Is Lisa Frankenstein a horror or a comedy? The answer is yes. It's a gleeful mix of the two that utilizes the styles and flair of both Burton and Sam Raimi with some sprinklings of rom-com formulas for spice. All of this is set firmly in a decade of big hair, spandex, neons, rock -n- roll, and no parent supervision– the 80s. Lisa lives in a home of pastel pinks and precious moments figurines that increasingly clash with her personality (and wardrobe) as the story progresses. And what could be more 80s than using a malfunctioning tanning bed to help The Creature become reanimated? Which makes it all morbidly hysterical when the blood and gore begins.
However it's never terrifying. The more atrocious killings are told in creative ways, which also cleverly work to keep the film in the PG-13 zone. The death of Lisa's mother is told via a flashback that you can't help but laugh at even if you feel kinda bad about doing it. Then there is the death of The Creature, whose tragic demise plays out in black-and-white animation during the opening credits. Cody's script balances comedy with the more shocking moments, leading to plenty of morbid laughs. Finally, there are the leads whose perfect chemistry endears them, and their sadistic goals, to the audience. Sure they are on a killing spree but look how sweet they are together.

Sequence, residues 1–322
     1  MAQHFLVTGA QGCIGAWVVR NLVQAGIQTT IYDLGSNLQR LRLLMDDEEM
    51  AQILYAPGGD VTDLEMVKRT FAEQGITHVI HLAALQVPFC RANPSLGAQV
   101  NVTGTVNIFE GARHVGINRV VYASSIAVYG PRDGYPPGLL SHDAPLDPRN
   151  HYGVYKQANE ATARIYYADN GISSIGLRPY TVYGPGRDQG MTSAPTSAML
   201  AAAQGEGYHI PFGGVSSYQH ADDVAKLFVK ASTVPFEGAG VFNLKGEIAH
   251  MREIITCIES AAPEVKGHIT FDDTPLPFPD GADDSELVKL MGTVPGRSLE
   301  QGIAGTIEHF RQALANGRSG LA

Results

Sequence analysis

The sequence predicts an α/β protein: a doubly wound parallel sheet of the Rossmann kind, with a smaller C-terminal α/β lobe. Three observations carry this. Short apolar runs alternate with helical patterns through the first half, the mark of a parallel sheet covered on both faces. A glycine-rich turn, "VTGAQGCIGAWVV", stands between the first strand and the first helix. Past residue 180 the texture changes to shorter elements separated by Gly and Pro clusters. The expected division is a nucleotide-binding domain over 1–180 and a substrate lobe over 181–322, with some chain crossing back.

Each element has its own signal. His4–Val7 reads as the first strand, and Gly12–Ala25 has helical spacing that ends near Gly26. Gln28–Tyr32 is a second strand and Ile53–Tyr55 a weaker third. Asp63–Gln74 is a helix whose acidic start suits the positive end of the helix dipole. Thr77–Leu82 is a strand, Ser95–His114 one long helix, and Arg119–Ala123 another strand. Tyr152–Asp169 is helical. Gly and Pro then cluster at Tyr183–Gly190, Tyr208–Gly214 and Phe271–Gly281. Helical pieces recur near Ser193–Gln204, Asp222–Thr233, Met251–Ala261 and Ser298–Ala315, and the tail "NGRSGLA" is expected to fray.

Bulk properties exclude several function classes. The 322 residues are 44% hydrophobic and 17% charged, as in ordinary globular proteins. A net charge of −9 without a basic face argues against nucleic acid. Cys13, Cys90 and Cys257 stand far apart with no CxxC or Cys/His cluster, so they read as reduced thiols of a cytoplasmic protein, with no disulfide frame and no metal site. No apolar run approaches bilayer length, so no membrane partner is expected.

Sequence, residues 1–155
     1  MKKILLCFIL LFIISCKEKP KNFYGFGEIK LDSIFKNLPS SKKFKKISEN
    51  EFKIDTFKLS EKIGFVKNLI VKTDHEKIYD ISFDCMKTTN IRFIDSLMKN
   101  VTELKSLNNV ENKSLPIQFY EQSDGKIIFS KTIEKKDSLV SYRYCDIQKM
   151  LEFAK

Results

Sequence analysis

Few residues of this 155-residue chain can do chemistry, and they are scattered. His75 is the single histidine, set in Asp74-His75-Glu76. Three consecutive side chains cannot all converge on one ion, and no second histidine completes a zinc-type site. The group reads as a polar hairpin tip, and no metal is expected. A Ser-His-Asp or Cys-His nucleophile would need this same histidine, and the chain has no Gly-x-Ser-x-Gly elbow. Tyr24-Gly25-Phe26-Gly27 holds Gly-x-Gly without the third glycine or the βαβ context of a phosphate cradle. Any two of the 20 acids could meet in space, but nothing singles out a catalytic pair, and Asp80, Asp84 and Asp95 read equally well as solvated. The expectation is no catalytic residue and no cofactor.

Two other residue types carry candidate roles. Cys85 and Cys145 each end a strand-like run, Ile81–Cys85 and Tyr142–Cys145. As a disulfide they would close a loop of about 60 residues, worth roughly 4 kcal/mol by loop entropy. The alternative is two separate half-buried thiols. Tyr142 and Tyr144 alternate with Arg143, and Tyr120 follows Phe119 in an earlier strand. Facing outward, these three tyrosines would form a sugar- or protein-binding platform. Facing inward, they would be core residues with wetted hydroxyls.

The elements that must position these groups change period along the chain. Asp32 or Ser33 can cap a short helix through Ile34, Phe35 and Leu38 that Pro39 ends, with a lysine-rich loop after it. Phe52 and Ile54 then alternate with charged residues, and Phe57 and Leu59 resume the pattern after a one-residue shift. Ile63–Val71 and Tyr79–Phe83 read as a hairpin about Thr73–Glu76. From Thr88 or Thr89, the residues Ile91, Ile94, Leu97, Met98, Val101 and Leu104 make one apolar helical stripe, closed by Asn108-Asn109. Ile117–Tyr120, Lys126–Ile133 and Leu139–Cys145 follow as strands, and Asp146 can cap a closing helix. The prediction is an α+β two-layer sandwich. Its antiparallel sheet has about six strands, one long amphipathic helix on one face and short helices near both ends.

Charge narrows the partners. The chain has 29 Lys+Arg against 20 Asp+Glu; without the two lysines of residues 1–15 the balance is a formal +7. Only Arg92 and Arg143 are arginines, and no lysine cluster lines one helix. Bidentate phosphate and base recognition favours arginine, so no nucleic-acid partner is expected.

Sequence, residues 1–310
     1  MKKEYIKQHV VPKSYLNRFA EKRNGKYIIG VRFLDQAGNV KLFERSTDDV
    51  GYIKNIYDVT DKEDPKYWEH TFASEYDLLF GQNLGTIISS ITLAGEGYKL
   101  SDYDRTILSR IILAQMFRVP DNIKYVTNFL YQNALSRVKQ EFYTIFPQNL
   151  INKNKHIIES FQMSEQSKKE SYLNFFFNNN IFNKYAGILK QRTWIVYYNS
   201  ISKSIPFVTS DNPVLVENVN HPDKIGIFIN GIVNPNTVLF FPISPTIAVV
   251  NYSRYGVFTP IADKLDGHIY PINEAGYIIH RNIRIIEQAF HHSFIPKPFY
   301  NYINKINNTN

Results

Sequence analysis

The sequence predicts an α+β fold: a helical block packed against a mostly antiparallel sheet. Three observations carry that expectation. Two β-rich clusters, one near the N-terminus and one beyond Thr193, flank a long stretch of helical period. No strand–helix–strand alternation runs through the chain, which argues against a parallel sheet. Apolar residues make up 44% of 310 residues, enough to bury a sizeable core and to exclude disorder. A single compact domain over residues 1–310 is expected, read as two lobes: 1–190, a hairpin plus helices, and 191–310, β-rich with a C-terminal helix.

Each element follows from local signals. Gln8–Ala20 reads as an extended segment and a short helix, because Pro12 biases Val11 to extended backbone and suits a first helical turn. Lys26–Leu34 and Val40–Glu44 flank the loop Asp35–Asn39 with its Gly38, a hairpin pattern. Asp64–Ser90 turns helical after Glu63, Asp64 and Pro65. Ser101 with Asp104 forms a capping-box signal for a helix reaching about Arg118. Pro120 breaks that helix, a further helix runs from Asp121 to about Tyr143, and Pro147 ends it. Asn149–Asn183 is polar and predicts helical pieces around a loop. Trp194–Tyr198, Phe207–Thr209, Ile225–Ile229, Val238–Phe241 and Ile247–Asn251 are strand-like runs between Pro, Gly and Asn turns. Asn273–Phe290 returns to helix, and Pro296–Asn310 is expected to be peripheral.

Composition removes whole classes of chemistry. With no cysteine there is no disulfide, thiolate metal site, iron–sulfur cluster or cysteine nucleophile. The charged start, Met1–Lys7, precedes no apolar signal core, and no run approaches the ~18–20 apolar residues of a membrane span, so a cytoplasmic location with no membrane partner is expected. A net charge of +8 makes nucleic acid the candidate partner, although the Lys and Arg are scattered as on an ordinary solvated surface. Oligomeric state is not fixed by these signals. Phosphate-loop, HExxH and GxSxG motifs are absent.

Newton and Sprouse go all in on their performances, whether it is fully embracing the campy vibes or leaning into the physical humor, these two are clearly having a blast. Newton has already proved she can toe the line between victim and killer thanks to Freaky. As Lisa, she effortlessly balances between socially awkward, anxiety-riddled teen and tenacious assassin. She is likable from the start, keeping viewers on her side despite her amoral actions. Sprouse, a veteran of wild and weird thanks to his years on the Disney Channel and Riverdale, steals scenes as The Creature, despite only being able to communicate via grunts, sighs, and perfectly executed eye rolls. Whether he is moving disjointedly about the screen or very fluidly throwing an ax, Sprouse imbues the monster with an impressive amount of emotions, making him a grotesque but alluring romantic leading man.